'Zero' risk of HIV transmission in gay men receiving treatment, study says
May 06 2019
The authors of the study noted several limitations, including that the average age of the HIV-negative men was 38.
Viral loads tests show how much virus is in a millilitre of blood and are measured in copies/mL.
In the majority of cases, people reach this level of undetectability after having taken the ART for six months. The researchers said about 472 transmissions of HIV would have been expected without the treatment.
Over the course of eight years, just 15 of the HIV-negative men involved contracted the virus-however, researchers were able to confirm through genetic testing that none of those men contracted the virus from their partner.
A groundbreaking advancement has been made in the fight against HIV: a study on HIV-carrying men found that the risk of viral transmission is zero if the virus is suppressed by antiretrovirals. PARTNER2 only recruited gay male couples that were serodifferent.
Another study confirms gay men LWHIV on effective treatment can't pass the virus on. The "undetectable=untransmittable" concept, shorthanded as "U=U", is relatively young campaign launched in 2016 to try to help explain that medical suppression of HIV so that its viral levels don't show up in blood tests means that it can not be transmitted to other people. An earlier phase of the study proved the same was true for heterosexual couples.
Also, the study was published in the Lancet Medical Journey and had evaluated the risk of HIV transmission between gay male partners.
The Guardian newspaper reported on the findings with the headline declaring "End to AIDS in sight", and noting, "The success of the medicine means that if everyone with HIV were fully treated, there would be no further infections".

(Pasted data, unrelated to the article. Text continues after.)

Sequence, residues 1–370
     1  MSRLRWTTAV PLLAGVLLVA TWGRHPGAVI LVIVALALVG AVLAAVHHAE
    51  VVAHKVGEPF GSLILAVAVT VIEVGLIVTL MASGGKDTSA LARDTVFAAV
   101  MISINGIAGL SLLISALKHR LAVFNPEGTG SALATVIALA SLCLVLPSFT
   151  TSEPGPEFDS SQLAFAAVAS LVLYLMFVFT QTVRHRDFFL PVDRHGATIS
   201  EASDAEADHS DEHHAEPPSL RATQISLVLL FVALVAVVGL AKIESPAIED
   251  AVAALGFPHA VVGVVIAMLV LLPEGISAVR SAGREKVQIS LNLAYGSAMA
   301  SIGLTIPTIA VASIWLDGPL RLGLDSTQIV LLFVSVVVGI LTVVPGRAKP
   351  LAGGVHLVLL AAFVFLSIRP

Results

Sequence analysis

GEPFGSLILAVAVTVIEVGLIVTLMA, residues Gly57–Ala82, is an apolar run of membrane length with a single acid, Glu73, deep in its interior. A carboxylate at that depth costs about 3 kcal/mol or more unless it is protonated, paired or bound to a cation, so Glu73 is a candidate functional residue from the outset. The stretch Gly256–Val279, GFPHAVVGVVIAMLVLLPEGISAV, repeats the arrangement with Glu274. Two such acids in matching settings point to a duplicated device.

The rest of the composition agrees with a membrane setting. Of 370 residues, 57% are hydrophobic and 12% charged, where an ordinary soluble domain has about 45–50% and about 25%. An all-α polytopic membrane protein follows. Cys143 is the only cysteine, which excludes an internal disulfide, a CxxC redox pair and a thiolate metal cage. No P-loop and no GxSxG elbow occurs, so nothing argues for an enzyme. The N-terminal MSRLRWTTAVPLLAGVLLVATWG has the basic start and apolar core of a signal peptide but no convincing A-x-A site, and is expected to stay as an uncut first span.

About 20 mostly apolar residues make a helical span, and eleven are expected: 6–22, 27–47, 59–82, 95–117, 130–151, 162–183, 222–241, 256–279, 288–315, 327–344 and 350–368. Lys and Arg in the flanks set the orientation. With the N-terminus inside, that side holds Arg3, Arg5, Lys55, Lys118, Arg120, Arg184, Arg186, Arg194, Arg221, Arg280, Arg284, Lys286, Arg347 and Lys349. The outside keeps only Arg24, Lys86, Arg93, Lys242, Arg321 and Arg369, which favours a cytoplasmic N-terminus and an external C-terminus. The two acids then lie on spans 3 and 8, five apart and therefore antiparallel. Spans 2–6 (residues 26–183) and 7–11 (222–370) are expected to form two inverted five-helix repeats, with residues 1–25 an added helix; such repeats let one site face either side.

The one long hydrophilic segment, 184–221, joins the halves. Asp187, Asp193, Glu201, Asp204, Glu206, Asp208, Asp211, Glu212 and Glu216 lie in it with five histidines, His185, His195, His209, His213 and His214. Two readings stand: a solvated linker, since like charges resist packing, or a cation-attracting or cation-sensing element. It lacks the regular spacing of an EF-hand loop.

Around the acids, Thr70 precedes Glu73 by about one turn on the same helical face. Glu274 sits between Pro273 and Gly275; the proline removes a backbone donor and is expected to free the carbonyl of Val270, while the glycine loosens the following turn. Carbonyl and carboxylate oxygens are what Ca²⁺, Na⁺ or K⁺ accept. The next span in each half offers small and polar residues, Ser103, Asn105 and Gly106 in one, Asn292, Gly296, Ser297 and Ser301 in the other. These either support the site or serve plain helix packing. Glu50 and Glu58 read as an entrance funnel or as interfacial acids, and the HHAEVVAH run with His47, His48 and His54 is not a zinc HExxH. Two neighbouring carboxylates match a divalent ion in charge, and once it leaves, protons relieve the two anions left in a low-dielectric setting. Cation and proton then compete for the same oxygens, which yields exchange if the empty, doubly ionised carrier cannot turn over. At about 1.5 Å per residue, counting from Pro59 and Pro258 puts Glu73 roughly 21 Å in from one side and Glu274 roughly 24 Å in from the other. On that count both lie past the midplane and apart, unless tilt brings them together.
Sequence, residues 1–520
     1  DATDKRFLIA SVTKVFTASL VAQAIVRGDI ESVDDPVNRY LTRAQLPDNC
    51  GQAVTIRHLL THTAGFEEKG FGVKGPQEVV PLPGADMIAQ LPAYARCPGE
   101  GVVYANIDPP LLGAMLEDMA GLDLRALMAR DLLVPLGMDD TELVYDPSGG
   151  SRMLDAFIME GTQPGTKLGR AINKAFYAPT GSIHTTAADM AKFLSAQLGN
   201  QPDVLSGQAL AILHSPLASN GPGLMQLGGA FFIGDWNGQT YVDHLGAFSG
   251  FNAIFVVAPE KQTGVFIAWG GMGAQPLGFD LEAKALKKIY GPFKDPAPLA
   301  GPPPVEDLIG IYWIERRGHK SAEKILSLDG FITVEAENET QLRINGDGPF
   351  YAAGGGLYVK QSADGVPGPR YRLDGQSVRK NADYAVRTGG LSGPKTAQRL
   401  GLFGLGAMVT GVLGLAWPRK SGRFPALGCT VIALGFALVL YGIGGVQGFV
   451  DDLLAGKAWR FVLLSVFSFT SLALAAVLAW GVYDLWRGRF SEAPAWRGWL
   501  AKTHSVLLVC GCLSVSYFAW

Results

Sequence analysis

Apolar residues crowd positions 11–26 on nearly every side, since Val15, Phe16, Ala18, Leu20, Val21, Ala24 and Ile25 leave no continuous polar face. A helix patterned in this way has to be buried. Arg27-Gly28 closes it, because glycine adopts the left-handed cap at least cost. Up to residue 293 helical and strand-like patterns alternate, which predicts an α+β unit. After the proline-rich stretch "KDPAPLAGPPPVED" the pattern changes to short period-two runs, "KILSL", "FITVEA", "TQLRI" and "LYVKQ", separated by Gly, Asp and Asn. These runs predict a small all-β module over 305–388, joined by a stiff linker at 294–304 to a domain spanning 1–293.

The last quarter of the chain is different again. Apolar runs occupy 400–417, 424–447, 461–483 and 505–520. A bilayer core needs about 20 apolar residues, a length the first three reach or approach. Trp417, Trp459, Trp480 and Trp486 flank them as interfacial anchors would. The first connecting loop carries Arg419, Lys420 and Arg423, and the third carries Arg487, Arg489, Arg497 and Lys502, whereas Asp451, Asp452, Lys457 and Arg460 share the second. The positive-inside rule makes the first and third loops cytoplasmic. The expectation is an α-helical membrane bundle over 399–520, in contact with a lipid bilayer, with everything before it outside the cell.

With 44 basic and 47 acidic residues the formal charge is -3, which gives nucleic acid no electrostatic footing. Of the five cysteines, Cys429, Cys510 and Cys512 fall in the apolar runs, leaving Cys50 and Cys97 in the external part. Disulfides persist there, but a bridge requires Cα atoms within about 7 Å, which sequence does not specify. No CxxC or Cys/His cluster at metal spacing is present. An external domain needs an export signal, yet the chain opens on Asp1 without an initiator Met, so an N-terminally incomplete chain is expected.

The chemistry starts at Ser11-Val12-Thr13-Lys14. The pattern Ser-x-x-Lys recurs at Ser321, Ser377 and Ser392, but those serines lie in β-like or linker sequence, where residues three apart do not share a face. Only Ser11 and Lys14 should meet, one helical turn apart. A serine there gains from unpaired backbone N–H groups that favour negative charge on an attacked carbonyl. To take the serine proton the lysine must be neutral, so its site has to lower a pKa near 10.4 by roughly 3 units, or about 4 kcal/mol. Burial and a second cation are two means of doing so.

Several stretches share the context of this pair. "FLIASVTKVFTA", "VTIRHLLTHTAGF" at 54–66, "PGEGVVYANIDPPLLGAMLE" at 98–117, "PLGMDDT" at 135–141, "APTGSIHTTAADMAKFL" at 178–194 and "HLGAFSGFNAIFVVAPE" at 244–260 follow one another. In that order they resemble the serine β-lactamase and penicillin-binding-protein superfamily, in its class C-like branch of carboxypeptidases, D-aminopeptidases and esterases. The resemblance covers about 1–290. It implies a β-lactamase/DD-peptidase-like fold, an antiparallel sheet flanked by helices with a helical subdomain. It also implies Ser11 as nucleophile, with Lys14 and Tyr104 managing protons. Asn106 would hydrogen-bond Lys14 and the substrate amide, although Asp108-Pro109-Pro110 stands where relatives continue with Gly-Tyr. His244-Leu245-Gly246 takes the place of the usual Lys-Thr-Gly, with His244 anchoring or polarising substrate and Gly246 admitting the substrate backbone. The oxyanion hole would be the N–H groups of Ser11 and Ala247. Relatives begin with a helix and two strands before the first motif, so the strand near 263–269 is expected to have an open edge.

The number of deaths dropped by 50,000 year-on-year to 940,000, compared to 1.9 million in 2005 when a mere 2.1 million infected people had access to life-lengthening ART.
She then added, "This powerful message can help end the HIV pandemic by preventing HIV transmission".
"Increased efforts must now focus on wider dissemination of this powerful message and ensuring that all HIV-positive people have access to testing, effective treatment, adherence support and linkage to care".
Aside from relentlessly finding a cure for HIV/AIDS, scientists have been working on ending the epidemic by also preventing the spread of the virus.
In each case one partner had HIV and was taking anti-retroviral pills, and one was free of the virus. It can not cure HIV, but it reduces viral load to a level that is undetectable in the blood. Anybody with HIV is advised to start ART immediately, as soon as they have been diagnosed.
Here's what CDC said in a statement in September of 2017: "Scientific advances have shown that antiretroviral therapy (ART) preserves the health of people living with HIV".